Business process improvement is a large undertaking no matter the scale of the organization. By following accepted best practices, you can ease the strain on the company that improvement will have and ensure a greater chance of long-lasting success.
While there are many components of process improvement, let's take a look at four of the most important areas where best practices and standards can be game-changing.
Process modeling is easily one of the most powerful tools in the experience. There is, however, a standard Business Process Model Notation (BPMN). This functions as an industry standardization tool for BPM software and process oriented companies to allow easy communication visually of an organization's processes.
Of course, any system has to have standards and rules to follow. When process modeling, you should always remember:
- Keep line-crossing to a minimum, and diagrams as neat and consistently organized as possible
- There is no significance to whether pools and lanes run horizontally or vertically, or whether a sequence flow enters an activity from left, right, top or bottom
- It IS, however, common practice to draw the flow from left-to-right with sequence flows entering activities from the left and exiting from the right; this will proved a much easier to read map
- the beginning and ending of a process, and who is inside or outside the process, is entirely a matter of perspective; try to view the process from the outside and remember that you aren't the only one who will ever need to read and interpret this
- The scope of the project should be clearly established, since BPMN can be applied to processes of all different sizes; a great way to aid in this is to use multiple end events to identify distinct end states, revealing the finite number of ending possibilities to the process to help establish scale
- Draw a message flow from an external requester pool to an event
Just Enough Processes
Having a large number of processes and great information and details about every single process is not what makes an organization process-mature. When a business is oriented around processes and high-functioning process improvement goals, the important ability is to be able to ask "How much process do we need right here?" and give the correct answer.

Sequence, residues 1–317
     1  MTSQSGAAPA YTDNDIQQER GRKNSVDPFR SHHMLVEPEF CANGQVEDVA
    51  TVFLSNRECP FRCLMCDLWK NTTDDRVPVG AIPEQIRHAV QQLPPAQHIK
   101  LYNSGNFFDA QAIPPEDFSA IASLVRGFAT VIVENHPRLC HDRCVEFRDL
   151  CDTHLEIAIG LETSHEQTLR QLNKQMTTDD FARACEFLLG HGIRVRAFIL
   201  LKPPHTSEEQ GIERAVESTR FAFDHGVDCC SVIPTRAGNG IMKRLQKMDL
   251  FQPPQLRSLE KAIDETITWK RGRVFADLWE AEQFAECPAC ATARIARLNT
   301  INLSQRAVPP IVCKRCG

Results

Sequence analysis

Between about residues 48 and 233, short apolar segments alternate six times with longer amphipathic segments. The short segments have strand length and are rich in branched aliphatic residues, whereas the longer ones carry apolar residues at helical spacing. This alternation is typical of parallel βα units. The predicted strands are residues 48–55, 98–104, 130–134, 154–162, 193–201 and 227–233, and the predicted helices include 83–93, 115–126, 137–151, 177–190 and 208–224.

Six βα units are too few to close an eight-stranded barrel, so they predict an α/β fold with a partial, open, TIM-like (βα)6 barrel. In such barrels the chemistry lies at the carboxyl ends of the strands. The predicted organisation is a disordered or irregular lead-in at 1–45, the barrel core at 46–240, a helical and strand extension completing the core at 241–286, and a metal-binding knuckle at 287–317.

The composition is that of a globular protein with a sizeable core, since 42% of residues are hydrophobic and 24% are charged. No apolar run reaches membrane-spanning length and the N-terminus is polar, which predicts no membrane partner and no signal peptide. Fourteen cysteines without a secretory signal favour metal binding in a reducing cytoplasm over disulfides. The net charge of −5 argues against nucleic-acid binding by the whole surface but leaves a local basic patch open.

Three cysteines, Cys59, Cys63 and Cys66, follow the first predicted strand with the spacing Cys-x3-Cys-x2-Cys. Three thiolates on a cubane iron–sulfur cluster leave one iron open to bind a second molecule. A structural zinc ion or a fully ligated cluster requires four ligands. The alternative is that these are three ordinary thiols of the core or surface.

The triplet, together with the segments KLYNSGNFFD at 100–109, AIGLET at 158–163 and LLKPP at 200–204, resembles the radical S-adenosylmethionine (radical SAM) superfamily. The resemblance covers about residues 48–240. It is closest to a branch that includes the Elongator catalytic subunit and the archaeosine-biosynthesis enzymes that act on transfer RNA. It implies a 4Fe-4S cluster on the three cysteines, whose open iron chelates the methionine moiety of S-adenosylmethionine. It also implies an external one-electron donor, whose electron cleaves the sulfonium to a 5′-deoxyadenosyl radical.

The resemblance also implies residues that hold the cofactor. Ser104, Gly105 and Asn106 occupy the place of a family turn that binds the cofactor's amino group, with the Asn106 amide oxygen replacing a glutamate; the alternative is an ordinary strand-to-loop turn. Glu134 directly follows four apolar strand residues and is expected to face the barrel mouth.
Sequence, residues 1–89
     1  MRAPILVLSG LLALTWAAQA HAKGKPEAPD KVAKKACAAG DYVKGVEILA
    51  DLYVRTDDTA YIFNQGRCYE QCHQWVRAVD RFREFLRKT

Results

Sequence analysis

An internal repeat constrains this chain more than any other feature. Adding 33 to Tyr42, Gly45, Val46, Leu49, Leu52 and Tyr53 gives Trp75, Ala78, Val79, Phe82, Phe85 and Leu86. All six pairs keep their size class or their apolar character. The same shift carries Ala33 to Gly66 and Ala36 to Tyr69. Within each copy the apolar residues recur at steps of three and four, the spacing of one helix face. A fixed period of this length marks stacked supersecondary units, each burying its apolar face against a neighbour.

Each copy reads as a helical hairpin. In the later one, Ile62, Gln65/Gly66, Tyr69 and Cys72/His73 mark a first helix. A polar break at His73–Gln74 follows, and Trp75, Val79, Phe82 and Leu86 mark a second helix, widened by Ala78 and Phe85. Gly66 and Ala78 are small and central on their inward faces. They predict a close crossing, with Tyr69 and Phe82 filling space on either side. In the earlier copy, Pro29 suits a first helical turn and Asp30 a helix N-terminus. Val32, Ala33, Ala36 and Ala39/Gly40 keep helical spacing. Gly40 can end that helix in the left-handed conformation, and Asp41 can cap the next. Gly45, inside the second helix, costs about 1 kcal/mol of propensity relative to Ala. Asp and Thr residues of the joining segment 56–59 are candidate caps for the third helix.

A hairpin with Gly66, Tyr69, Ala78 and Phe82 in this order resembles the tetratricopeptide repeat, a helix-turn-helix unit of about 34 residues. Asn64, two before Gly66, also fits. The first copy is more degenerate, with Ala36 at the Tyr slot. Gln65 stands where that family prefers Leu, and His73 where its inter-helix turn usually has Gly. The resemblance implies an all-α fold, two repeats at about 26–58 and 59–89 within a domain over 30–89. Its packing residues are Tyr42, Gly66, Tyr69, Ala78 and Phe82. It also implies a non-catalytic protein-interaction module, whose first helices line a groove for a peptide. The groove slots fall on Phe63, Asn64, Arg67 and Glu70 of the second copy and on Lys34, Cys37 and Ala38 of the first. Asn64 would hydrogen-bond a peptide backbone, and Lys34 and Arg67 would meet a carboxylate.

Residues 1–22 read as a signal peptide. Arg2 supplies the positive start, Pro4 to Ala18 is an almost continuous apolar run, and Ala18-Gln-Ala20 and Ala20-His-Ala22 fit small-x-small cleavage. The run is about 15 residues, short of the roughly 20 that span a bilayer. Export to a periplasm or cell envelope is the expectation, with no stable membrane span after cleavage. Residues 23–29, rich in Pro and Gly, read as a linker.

The goal is not to burden the organization with an overwhelming number of processes that simply don't add value. Organizations who are crafting their own processes and not relying on process improvement experts will also often fall into the trap of unnecessarily detailed process.
You want to be sure that you are spending just enough time as necessary to craft the processes and stay compliant with them.
Employees are the single most valuable resource for learning how an organization can increase value to customers. They are often in front of the customers either metaphorically or literally, and see on a day-to-day basis where the problems exist.
Why would an organization want to waste that?
When employees are involved in designing and determining what changes need to be made, it becomes a much more easily understood transition to implement the changes in practice and internalize them to become a natural part of everyday work.
If isolated and kept aside from the process of changing their work environment, employees can become despondent and feel isolated from the management - an attitude that breeds both low morale and lower quality work.
Nobody wants to feel like they don't understand changes that are forced upon them.
Having accurate business intelligence to measure how process changes and implementations are affecting the company is a must. These metrics are as valuable as the improvement efforts themselves.
The goal in any project or long-term continuous improvement effort is to view what is working, enhance it, determine what is working, repair or remove it and make room for new strategies.
It can take years or even decades for a business with problems at the core process level to realize they have a problem at all, let alone to attempt a fix at something so deeply rooted in a flaw that has been years in the making.
Good BI can prevent this from happening by creating an agile business environment that reacts to market change and gives your business the objective data needed to make crucial decisions.
Follow these best practices and your process improvement project will have a much greater chance of success both immediately and in the long-term, which is a win-win for you and your organization.